Colleagues and Friends
James Madison’s friendship with Thomas Jefferson was one of the longest and richest relationships of Madison’s life. The two men first met in October 1776, when both were members of the Virginia House of Delegates and served on the Committee on Religion. At twenty-five, Madison was eight years younger than Jefferson and admired his more experienced colleague. Several years passed before they came to know each other well. When Jefferson was inaugurated governor in 1779 while Madison served on the Governor’s Council, the two had daily discussions and became warm friends.
Madison and Jefferson shared many common interests. They had similar outlooks on American government, approaching it as a great experiment in applying the principles of ancient republics. They loved books and were intellectually curious. They used scientific approaches to farm their plantations, and hired the same craftsmen to work on their homes.
From 1784 to 1789, when Jefferson served in France as commissioner and U.S. minister, he and Madison exchanged over 100 letters. They discussed mutual friends, scientific investigations, and political events, sometimes using a cypher, or code, to discuss sensitive topics. Madison recommended schools for Jefferson’s nephews. Jefferson purchased books, prints, a watch, and a pedometer on Madison’s behalf. Acknowledging the receipt of two trunks of books, Madison wrote that “the literary cargo for which I am so much indebted to your friendship ... is perfectly to my mind.”
When writing to his friend in France during the Constitutional Convention, Madison respected the confidentiality of the debates. He explained to Jefferson, “In furnishing you with this list of names, I have exhausted all the means which I can make use of for gratifying your curiosity. It was thought expedient in order to secure unbiassed discussion within doors, and to prevent misconceptions & misconstructions without, to establish some rules of caution which will for no short time restrain even a confidential communication of our proceedings.” This did not prevent Jefferson from offering his own opinions and suggestions for Madison‘s consideration. After the Convention closed, Madison confided to Jefferson his disappointment that the national government would have no executive veto power over state laws.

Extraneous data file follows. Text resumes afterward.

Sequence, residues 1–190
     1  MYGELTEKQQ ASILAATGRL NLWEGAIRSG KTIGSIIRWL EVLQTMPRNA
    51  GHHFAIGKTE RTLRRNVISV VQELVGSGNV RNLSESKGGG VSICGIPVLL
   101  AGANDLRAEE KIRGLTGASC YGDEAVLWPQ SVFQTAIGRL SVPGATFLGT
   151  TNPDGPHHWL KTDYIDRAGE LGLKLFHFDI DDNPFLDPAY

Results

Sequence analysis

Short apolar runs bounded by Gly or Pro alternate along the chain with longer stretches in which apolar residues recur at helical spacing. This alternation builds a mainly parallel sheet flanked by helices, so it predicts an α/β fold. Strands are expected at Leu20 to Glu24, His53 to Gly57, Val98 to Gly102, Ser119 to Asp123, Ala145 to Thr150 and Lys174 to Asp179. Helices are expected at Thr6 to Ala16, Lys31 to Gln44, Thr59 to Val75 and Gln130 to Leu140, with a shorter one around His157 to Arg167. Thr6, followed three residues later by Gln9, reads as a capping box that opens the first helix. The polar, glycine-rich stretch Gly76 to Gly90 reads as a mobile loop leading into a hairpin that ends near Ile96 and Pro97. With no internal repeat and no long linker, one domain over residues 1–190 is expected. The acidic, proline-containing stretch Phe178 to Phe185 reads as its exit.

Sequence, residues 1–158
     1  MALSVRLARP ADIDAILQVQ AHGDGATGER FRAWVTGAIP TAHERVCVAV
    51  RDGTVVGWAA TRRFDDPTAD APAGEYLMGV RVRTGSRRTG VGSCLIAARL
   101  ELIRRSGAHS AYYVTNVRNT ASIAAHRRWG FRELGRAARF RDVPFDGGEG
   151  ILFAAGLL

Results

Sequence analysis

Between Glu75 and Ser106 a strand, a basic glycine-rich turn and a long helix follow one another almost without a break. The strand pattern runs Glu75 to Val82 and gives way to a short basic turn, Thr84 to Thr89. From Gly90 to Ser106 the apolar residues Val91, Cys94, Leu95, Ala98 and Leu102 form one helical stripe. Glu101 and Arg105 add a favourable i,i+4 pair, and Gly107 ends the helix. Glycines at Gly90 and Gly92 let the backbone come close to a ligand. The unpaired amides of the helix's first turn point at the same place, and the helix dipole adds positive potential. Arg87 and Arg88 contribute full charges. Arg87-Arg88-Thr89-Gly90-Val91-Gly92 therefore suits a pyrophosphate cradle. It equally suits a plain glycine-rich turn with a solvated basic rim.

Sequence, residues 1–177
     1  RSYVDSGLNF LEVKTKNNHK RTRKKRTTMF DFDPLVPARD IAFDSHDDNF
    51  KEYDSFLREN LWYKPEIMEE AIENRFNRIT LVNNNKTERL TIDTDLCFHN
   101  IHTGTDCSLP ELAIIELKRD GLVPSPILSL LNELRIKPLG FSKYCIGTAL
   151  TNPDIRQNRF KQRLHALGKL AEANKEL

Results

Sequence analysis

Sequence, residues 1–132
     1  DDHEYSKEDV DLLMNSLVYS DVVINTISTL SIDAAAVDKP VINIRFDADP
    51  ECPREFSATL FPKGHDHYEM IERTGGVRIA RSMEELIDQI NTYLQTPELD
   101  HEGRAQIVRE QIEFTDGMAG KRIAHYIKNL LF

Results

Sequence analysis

During Washington’s presidency, Jefferson was Secretary of State and Madison a leading member of the House of Representatives. A rift gradually developed between Washington, who wanted a strong central government and Madison and Jefferson, who prized individual liberty. This split led to the development of the Federalist and Republican political parties. When Jefferson became president in 1801, his natural choice for Secretary of State was James Madison. Even in retirement, Madison continued to be his friend’s “pillar of support,” as Jefferson described him. Madison served on the Board of Visitors for Jefferson’s University of Virginia, and succeeded Jefferson as rector of the University after his death in 1826.
A few months before Jefferson died, he wrote to Madison, “The friendship which has subsisted between us, now half a century, and the harmony of our political principles and pursuits, have been sources of constant happiness to me through that long period.” Jefferson also entrusted his posthumous reputation to Madison, closing, “Take care of me when dead, and be assured that I shall leave you with my last affections.”
Madison paid tribute to his friend shortly after Jefferson’s death: “He lives and will live in the memory and gratitude of the wise and good, as a luminary of science, as a votary or liberty, as a model of patriotism, and as a benefactor of human kind. In these characters, I have known him, and not less in the virtues and charms of social life, for a period of fifty years, during which there was not an interruption or diminution of mutual confidence and cordial friendship, for a single moment in a single instance.”
"The interest which your friendship takes on this occasion in my happiness is a pleasing proof that the disposetions which I feel are reciprocal."
-James Madison to Thomas Jefferson, April 22, 1783
Symposium on Madison and Jefferson
On October 13, 2012 Montpelier hosted a symposium entitled The Founding Friendship and Enduring Legacy of James Madison and Thomas Jefferson. Speakers included David Mattern, Ralph Ketcham, and Jack Rakove. A companion exhibit, including objects and manuscripts pertaining to the two men, also opened that day in the Grills Gallery.